Peter Molloy attempts the unthinkable and throws out his cigarettes…
It’s a commonly used cliché that giving up smoking is harder than giving up heroin. Whatever the relative medical basis behind that assertion, the general principle – that tobacco cessation is an exceedingly difficult goal to accomplish – is sound.
For a smoker, committing to abstaining from the habit, for any length of time, represents a hugely significant personal undertaking.
Like anyone else who’s ever smoked, I know only too well the challenge that quitting poses. At this point, a trail of failed resolutions to drop the habit almost as numerous as the crumpled cigarette butts of a beer garden ashtray punctuate my experience as a smoker.
Some have been more successful than others – a three week spell free of nicotine in 2006 contrasts far less favourably with a more recent effort which saw me smoke my final cigarette before a 3pm tutorial, only to be tearing at the plastic seal of a fresh packet by tea time.
The constraints of personal circumstances mean that every would-be ex-smoker’s individual hurdles and obstacles vary hugely.
For some, myself included, the idea of a night-out spent socialising in a pub or club is inconceivable without the reassuring presence of cigarettes. To my befuddled, addict’s mind, tobacco and alcohol are inherently complementary goods – the idea of even moderately enjoying the latter without the accompaniment of a cigarette seems an impossible aspiration.
Other individual issues serve to complicate and impede attempts to kick the habit, especially for student smokers. The uninspiring but necessary part-time work that serves to fund many students is a less than helpful environment from which to launch a brand new, smoke-free existence.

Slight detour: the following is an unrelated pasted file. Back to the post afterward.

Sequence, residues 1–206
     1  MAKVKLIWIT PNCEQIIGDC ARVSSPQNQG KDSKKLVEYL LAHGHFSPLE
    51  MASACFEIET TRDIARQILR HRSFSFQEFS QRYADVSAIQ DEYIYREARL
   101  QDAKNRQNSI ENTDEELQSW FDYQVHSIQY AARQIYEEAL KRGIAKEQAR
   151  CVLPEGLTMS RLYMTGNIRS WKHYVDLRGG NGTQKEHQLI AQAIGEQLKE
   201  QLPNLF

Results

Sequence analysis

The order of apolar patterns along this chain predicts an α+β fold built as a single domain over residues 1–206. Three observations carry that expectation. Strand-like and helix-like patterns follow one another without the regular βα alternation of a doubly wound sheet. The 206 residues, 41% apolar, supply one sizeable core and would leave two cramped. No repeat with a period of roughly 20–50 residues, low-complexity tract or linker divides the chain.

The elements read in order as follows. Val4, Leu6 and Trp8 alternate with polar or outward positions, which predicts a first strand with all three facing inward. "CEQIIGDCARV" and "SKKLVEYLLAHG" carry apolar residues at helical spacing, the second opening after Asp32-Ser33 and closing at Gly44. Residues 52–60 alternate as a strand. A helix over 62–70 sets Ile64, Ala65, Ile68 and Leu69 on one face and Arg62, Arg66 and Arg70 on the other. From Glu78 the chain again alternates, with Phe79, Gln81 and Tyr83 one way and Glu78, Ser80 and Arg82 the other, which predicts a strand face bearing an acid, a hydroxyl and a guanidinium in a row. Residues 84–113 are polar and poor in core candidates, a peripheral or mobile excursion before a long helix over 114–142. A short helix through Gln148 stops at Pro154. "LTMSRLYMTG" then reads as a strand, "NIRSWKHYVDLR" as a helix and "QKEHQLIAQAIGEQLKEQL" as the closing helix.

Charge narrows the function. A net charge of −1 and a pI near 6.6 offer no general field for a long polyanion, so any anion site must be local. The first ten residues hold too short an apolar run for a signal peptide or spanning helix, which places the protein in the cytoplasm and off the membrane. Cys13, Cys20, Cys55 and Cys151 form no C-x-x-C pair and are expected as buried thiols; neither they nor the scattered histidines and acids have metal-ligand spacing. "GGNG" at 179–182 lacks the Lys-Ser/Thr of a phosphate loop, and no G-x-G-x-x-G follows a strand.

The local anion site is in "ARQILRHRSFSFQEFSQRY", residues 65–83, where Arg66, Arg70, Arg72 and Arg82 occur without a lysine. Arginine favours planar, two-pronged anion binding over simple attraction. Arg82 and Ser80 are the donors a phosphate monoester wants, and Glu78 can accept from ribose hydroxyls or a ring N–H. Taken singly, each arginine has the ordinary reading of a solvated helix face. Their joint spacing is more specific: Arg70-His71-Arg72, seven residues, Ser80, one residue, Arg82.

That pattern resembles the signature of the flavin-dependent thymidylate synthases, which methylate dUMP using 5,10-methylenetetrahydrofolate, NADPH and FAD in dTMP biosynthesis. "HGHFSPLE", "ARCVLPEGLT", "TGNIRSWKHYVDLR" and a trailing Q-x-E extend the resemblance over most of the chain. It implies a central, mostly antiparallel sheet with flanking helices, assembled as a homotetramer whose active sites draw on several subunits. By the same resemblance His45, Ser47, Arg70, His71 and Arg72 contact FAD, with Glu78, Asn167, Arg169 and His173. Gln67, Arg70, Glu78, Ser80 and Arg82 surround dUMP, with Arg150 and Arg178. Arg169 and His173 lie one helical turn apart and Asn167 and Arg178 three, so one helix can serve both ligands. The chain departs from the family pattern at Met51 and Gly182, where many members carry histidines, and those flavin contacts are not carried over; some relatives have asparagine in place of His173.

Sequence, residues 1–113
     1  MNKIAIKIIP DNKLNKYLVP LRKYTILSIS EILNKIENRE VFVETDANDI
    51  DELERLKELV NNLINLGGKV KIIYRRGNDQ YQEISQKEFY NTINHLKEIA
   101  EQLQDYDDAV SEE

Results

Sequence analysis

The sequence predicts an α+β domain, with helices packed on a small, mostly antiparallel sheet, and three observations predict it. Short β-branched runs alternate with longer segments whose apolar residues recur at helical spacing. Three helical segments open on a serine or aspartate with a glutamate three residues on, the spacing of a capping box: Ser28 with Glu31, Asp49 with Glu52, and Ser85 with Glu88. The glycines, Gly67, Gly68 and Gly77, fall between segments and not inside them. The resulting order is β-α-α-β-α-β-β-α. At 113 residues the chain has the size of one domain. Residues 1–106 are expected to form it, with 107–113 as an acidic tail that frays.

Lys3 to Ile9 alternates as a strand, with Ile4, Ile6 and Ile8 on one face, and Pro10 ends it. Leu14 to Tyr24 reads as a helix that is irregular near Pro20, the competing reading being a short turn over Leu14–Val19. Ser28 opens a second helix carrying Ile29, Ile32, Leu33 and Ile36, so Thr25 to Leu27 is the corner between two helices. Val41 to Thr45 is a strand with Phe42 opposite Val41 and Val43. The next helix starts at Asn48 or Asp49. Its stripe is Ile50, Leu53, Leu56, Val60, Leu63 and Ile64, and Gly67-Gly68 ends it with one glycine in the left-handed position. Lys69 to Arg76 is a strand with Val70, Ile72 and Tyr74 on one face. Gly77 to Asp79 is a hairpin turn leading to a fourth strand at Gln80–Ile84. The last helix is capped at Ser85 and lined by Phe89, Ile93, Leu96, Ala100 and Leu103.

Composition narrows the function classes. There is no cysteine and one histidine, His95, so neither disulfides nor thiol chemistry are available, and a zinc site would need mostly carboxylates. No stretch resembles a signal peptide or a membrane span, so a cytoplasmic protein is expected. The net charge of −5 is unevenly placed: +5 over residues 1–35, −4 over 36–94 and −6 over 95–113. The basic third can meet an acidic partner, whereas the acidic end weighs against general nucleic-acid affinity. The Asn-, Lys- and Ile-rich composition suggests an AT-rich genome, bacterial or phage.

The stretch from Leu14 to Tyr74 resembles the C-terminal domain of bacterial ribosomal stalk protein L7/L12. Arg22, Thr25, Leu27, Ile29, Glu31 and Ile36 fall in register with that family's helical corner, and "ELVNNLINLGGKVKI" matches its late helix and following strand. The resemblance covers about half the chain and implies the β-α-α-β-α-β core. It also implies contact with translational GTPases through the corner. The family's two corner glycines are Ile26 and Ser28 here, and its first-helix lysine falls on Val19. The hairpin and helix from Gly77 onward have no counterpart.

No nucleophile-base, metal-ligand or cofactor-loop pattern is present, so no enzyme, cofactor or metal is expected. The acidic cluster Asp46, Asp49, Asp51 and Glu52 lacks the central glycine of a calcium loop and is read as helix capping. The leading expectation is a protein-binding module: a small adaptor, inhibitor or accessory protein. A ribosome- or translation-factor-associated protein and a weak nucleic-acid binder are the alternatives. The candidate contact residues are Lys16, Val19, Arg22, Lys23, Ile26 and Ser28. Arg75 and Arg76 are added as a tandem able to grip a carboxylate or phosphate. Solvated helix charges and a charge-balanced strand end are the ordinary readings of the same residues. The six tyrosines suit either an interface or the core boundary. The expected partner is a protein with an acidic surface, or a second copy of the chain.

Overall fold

Long, deeply unexciting evenings and weekends spent stocking the shelves of a supermarket or serving in a pub are little incentive to giving up. On the contrary, the temporary intermission offered by a quick, furtive smoke-break does much to ease the malaise of a dragging Thursday evening shift.
The experience of college itself can also lean heavily on even the most resolute of intentions. Assignments due? Christmas or summer exams rapidly approaching over the horizon?
Perhaps only the most masochistic would consider abruptly ending an infatuation with tobacco under such pressing circumstances. Even if that crude logic ignores the fact that there never really is a simple time to give up smoking – that there will always be areas of stress and pressure – it still exercises a hugely detrimental influence on smokers with even the best of intentions.
Smokers unquestionably develop a unique personal routine and quite aside from struggling through the physical symptoms of nicotine withdrawal, it is breaking away from this mould that frequently poses the biggest challenges. I’m no exception.
Some cigarettes – the first in the morning, shivering by the bus-stop, or the first proper cigarette at the end of a long shift in work are, to many, sacrosanct.
I can comfortably go for extended periods without touching a cigarette, or even wanting one. Put me in certain places and situations, though, and the little paper cylinders are the only things that come to mind.